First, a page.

Minister’s Message for February, 2022

When we gathered at Felicita Park on August 15, 2021, for our first in-person worship service since March 8, 2020, we invited congregants to place stickers on your clothing to indicate your comfort level in getting close (or not) to others. At that time, we defined the stickers this way:

  • Red = Let’s wave hello at each other
  • Yellow = Elbow bump is fine
  • Green = Comfortable with hugs

We used this same system for our October 17 hymn sing service, also held at Felicita Park. But we soon came to an uncomfortable realization: having people define their own comfort level this way didn’t necessarily provide sufficient protections for our community. It has been one of the most difficult discoveries of post-vaccine life that many (not all!) unvaccinated people—instead of observing all safety precautions—are unwilling to wear masks and might describe themselves as very comfortable with hugs. In other words, an unvaccinated person might select a green sticker for their clothing, when the intention of the stickers is to indicate something about safety, not just personal preference.

So for our December 12th Spirit Booster Gathering at Chalice, we refined the sticker definitions.

  • Green = I am fully vaccinated and comfortable with close contact
  • Yellow = No hugs or handshakes please
  • Red = I am unvaccinated and/or I am not comfortable with close contact

We probably need to go a step further and clarify that yellow also means fully vaccinated.

Why do we need to use stickers at all? It appears we will be living with variants of COVID-19 for some time. We are still in the middle of the omicron surge, with over 200,000 people in San Diego County testing positive in the past four weeks. Hopefully we will see numbers return to a more reasonable level by the end of February.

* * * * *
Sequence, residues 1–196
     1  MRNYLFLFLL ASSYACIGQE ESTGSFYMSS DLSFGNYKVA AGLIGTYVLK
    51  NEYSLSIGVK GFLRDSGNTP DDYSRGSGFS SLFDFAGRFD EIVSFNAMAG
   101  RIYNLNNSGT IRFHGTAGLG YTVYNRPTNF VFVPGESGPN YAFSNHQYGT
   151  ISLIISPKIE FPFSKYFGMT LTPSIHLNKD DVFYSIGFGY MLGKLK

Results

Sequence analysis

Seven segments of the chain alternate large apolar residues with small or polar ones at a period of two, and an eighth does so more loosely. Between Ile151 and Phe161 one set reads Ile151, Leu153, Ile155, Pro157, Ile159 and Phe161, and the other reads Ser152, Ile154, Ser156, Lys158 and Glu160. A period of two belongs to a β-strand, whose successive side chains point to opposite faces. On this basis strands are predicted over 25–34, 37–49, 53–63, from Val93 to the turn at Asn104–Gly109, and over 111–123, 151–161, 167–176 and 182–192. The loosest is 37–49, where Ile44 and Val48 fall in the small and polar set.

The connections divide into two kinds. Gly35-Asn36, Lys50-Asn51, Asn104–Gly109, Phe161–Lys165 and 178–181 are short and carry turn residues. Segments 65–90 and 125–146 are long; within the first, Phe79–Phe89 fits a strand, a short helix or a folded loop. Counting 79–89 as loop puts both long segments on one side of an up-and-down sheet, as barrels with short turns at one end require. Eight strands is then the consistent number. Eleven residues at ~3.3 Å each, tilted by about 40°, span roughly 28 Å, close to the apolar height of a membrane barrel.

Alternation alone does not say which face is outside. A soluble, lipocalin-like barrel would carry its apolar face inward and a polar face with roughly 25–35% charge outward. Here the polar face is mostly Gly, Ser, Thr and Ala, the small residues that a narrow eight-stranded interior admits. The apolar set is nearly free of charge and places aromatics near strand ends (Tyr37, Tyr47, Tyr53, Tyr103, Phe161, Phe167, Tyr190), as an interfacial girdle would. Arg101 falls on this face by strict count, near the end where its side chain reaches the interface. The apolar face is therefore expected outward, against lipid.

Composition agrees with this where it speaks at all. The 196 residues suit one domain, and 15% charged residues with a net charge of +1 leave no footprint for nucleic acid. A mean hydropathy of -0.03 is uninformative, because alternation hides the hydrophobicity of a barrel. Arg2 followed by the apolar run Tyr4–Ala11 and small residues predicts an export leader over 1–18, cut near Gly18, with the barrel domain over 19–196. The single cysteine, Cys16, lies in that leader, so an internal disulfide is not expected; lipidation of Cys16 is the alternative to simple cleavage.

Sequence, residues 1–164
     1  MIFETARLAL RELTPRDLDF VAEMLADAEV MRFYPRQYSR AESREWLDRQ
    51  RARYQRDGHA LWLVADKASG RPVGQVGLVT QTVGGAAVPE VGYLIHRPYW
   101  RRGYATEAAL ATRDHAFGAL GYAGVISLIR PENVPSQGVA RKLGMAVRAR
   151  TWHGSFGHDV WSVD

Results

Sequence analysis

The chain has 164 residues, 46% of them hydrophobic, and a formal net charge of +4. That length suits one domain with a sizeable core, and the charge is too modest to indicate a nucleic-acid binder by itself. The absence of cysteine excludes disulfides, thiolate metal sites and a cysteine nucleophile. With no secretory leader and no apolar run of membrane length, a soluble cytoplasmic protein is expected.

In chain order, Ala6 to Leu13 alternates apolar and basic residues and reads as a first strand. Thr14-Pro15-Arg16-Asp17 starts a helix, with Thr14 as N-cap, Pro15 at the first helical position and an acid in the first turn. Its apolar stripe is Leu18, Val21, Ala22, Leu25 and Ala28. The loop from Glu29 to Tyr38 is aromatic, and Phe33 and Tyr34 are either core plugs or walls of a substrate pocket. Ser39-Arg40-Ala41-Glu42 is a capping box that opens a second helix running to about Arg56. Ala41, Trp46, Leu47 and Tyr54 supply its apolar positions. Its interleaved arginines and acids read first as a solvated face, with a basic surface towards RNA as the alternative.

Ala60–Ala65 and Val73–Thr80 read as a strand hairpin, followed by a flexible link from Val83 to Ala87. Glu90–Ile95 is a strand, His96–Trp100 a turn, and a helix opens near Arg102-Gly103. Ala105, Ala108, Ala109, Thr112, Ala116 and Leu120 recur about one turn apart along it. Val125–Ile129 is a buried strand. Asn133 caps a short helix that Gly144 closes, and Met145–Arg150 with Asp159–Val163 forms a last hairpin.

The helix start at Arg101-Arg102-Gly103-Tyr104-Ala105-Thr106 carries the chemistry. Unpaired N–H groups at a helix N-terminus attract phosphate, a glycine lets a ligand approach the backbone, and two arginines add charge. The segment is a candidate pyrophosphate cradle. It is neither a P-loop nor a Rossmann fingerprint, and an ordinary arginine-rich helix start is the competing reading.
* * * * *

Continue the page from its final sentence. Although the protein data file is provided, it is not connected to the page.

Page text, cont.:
Whatever the course of the virus in the coming months, part of our work as a community is to do what we can to keep each other safe. It is also part of our work to be honest and transparent with each other in order to help manage our collective risks. The sticker system is one tool we can use to help us return to in-person gatherings.

One last note about the stickers—when presented with the sticker system, one of our (unvaccinated at the time) Chalice children started to cry at having to wear a red sticker. (We let her go with yellow.) But one savvy congregant (and I don’t remember who! But thank you, wise congregant) suggested that the red stickers could be heart stickers to make wearing them feel a little easier for the wearer. So, we will have red heart stickers the next time we gather, for those of us who need some distance.

It is not easy wearing the red sticker, by the way. I know because I always choose red, not because I’m unvaccinated, but because I have an elderly father, and so I am as careful as I can be. Please remember when you see one of us with a red sticker that we do want to visit and feel connected to others. We just want or need to be as careful as possible.


Blessings and love to you,